They were plucked from their ancient Silk Road home in central Asia eight years ago and sent to Guantanamo Bay as part of the "war on terror". Now cleared of being enemy combatants, the 17 Chinese Uighurs, who once lived about as far away from the ocean as it is possible to live, find themselves bound for a new life on the remote Pacific island of Palau.
The 1.6 million sq km of their home province, Xinjiang, is a major earthquake zone, which includes three deserts as well as the famed ancient trade route; the 350-island archipelago of Palau was only founded in 1994, has just 20,000 inhabitants and is a renowned scuba diving destination.
The relocation will be the biggest single release of Guantanamo detainees to date, and a major relief to US President Barack Obama, who has been searching for a way to resolve the prisoners' situation since he declared his intention to close the American military camp.
The transfer is not expected to be permanent. Palau's President Johnson Toribiong said it would be an act of compassion, and an affirmation of his country's bonds with the US. "This is but a small thing we can do to thank our best friend and ally for all it has done for Palau," President Toribiong said. Washington is set to donate $200m when a long-standing co-operation treaty is negotiated later this year.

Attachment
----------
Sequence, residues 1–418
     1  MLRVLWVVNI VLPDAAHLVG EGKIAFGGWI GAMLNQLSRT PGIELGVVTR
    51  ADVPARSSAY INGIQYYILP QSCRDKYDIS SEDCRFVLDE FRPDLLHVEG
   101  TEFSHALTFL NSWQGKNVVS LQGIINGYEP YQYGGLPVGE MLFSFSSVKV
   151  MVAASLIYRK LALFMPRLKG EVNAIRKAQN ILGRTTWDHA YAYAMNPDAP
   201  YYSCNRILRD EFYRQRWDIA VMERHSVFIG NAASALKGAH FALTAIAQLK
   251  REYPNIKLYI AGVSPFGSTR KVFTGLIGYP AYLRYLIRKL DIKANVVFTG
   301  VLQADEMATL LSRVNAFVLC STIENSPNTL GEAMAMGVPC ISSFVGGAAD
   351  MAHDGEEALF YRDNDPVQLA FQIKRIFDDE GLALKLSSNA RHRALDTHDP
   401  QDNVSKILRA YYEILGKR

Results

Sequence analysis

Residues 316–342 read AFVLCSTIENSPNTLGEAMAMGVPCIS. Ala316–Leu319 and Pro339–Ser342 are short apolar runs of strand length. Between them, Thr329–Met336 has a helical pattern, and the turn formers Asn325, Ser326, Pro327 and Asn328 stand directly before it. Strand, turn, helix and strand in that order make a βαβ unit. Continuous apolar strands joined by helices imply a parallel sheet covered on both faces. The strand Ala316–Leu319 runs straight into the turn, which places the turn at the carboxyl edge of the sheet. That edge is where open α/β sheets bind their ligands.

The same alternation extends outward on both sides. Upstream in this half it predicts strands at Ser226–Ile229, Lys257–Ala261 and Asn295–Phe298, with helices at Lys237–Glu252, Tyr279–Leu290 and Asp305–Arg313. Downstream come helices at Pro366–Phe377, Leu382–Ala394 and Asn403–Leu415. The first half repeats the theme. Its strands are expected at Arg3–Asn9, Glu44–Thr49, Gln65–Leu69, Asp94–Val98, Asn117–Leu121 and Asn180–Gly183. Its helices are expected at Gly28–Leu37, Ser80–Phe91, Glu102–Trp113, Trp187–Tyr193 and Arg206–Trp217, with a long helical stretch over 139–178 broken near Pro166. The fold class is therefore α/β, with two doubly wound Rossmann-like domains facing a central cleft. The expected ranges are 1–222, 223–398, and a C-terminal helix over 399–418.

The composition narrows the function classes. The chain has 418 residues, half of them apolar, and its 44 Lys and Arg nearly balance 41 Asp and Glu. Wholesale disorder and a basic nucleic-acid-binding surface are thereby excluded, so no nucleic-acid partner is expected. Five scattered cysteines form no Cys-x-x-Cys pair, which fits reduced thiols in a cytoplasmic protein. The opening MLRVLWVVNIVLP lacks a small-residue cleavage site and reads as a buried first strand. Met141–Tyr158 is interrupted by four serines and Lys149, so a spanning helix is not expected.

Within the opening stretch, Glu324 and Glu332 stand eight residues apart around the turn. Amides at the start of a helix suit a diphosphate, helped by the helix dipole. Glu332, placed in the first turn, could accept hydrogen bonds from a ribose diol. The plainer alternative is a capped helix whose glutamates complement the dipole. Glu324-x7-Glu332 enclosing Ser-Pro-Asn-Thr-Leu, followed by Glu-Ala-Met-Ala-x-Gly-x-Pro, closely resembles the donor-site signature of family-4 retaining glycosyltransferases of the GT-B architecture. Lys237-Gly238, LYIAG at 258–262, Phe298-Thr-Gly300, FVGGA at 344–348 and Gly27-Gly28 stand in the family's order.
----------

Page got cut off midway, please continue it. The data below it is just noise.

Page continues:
The Uighurs, Chinese Muslims who come from an isolated region near the Afghan border, were cleared of being enemy combatants last September. But the Chinese government accuses the men of being separatists, and it is feared they could be persecuted if sent home.
Fears of souring diplomatic relations with Beijing have made it difficult for the US to find willing hosts. Albania accepted five Uighurs in 2006, but has refused to accept further detainees. But Palau is well placed to accept the men because it is also allied to Taiwan, and does not recognise China.